This year ceramics and jewellery were impressive, with works that left me speechless (in good and bad ways). In terms of pushing the boundaries of concepts, materials and techniques, the Northern European scene are evidently more fearless than its British counterparts. The contemporary jewellery scene in the Netherlands, Germany, Norway and Belgium have been well established here for a number of years now, fronted by galleries like Galerie Marzee. Jewellery is not just concerned with adornment- it can be avant-garde, wearable (or unwearable), sculptural, which seek their own identity beyond the wearer.

One must applaud the anything-goes spirit of shocking items like German jeweller Stefan Heuser’s giant beaded necklace, made from human breast milk (Galerie Rob Koudijs). Animal lovers beware- from Idiots’ dissected taxidermy bird necklace (to Märta Mattsson’s electroformed, crystal studded spiders (both represented by Galerie Marzee), nothing is too bizarre for bling.

The ancient oriental technique of laquerware saw an unexpected return this year; the refreshing interpretations by Chinese (Hanart TZ Gallery, Hong Kong) and Japanese galleries (Yufuku Gallery and Exhibition Space) leading the way. The bar was set exceptionally high- the enamelled metal, ceramic, bronze, glass, woven metal and bamboo artists from Yufuku Gallery showing unparalleled craftsmanship and innovation. What surprised me was how radically modern the works were- nothing of dated impression of Japanese porcelain and Chinese Ming vases I embarrassedly had before. It was like discovering the unseen wonders of a foreign world.

What a pity one has to wait another year to see such amazing objects!

Collect 2012 highlights

Christina Schou Christensen, Galerie Sofie Lachaer & Caroline Van Hoek (Belgium)

Sidsel Hanum, stained Limoges porcelain, Galleri Format (Norway)
Felicity Aylieff, Clare Beck at Adrian Sassoon (UK)

Emmeline Hastings, perspex and titanium bangle, Lesley Craze Gallery (UK)

Jamie Bennett, enamelled necklace, Antonella Villanova (Italy)
Michihiro Sato, paper brooch, Lesley Craze Gallery (UK)
Tang Ming Xiu , laquer and 18th century porcelain, Hanart TZ Gallery (HK)
Idiot's taxidermy bird and pearl necklace, Galerie Marzee (The Netherlands)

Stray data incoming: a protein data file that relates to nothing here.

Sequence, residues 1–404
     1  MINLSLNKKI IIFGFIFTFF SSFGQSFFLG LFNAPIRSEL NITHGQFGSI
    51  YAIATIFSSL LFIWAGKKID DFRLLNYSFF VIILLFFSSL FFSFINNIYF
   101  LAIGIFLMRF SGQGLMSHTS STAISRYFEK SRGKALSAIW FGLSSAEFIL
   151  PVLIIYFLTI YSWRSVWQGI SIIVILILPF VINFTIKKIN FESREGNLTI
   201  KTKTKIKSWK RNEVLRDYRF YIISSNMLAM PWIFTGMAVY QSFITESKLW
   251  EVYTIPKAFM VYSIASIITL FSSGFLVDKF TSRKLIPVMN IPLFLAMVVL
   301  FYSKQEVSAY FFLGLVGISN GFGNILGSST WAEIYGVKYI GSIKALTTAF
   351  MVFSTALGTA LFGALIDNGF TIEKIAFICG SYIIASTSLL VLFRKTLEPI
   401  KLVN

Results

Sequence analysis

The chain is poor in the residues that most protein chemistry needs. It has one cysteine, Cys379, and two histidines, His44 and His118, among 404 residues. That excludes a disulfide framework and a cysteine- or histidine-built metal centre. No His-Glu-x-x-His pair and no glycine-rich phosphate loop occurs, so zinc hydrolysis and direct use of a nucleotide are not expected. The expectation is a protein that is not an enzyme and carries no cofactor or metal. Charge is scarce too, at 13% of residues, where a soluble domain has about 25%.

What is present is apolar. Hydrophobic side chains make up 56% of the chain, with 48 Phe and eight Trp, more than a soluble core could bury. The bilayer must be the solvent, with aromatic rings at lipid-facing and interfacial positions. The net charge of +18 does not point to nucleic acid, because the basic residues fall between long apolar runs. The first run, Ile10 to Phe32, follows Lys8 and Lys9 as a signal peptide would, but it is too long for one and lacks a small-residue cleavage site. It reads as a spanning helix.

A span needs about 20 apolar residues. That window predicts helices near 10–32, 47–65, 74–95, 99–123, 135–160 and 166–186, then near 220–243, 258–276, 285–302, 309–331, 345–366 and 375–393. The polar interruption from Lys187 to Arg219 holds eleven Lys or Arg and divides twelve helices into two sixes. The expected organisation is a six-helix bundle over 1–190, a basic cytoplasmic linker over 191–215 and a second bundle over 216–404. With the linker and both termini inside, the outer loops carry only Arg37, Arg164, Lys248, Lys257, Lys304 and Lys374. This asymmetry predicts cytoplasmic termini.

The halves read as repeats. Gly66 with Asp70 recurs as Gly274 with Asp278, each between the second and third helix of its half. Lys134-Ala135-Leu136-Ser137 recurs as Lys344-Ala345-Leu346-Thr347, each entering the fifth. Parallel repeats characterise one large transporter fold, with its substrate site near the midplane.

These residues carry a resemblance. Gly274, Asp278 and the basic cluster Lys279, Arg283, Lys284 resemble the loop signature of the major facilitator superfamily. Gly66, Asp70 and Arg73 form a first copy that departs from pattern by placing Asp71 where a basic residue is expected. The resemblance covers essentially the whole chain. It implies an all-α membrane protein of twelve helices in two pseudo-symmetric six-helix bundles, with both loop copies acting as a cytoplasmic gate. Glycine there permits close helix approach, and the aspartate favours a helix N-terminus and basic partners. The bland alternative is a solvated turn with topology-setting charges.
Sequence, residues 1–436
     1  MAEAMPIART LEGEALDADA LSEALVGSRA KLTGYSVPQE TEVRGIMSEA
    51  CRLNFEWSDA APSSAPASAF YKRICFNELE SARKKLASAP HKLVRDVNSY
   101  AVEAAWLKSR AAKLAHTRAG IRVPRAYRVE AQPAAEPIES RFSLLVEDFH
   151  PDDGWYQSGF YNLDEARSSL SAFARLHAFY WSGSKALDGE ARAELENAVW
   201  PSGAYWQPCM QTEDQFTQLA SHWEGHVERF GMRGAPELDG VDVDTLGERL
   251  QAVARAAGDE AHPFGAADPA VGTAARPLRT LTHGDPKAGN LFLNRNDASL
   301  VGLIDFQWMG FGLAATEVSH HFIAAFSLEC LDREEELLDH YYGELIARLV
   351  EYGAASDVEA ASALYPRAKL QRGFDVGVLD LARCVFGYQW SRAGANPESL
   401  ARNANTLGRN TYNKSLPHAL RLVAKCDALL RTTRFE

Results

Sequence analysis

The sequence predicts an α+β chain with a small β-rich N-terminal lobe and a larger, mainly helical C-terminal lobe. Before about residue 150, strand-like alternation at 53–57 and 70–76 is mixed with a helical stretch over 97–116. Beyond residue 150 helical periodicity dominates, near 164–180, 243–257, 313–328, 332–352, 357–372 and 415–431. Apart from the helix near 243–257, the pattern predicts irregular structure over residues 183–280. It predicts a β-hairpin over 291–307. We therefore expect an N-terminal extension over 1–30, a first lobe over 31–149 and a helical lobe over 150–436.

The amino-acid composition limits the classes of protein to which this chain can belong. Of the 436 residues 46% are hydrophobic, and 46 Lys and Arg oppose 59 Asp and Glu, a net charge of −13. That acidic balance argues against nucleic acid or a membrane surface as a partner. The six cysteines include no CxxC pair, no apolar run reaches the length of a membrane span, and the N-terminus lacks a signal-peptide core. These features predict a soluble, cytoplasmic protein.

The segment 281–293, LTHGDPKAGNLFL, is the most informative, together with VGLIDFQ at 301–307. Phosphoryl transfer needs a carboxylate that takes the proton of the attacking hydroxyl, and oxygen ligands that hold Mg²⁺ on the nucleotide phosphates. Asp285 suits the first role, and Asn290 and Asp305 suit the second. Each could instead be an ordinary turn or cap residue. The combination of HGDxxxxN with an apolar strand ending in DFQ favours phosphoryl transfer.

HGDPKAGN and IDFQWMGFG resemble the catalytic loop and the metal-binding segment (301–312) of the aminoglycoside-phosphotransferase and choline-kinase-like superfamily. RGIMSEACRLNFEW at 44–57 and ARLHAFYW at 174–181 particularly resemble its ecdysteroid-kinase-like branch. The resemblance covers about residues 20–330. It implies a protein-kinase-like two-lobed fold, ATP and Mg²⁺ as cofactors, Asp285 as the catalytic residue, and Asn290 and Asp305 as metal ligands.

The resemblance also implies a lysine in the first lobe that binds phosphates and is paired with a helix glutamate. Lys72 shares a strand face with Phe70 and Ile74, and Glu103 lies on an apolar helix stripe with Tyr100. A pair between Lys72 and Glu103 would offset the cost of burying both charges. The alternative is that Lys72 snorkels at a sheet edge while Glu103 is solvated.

The Rhizome Chair, Crook and Jones in Collect's Project Space (UK)
All photographs taken by Christina Lai with permission from gallery/artist.

Thursday, 26 April 2012

East Meets West- Design Now! At Mokspace, 24th April- 3rd May

It’s a tad cheeky, but what better way to mark the resurrection of Christina’s Anatomy than a blog post on my latest exhibition!

East meets West- Design Now! runs from the 24th April to 3rd May, at Mokspace Gallery, opposite the British Museum (one of my favourite inspirational hangouts ) The new London gallery is uniquely dedicated to promoting emerging artists from the Asia Pacific- Korea, Taiwan, China, Japan, Hong Kong and Macau. This is Mokspace’s first collaboration with ArtsThread, the leading global art and design talent network.
Christina Lai Seeds of Sanity, 2011

My Seeds of Sanity ceramics (see links below) will be featured alongside 19 talented Asia Pacific artists, all recent graduates. Expect a dynamic range of 2D and 3D works, from drawing and painting to ceramics, jewellery, furniture, and installation. The aesthetics and philosophy of nature, in its broadest sense is the coincidental theme that draws the work together in this modest but freshly modern space.  

From abstract animal shapes, sleek, minimalist contours, dreamy animal-human hybrids to peeling, and disintegrating surfaces of nature - this is a visual feast worth brazing the tube strikes for. Without giving too much away, the ones to look out for (and feel jealous for not thinking of it myself) are the bubble gum coloured, encrusted Tropical Sea Adventure rings by Wenhui Li, the seductively shiny snow-cap glazed melting pots by Koji Shiraya and a clever interactive jewellery installation by Yenz Lin- phew!

If you want to see why the Asia Pacific is a growing hotbed for innovative design talent, or simply to experience something new in London’s overcrowded gallery scene, this is for you.

To read an interview on my Seeds of Sanity Collection visit

33 Museum Street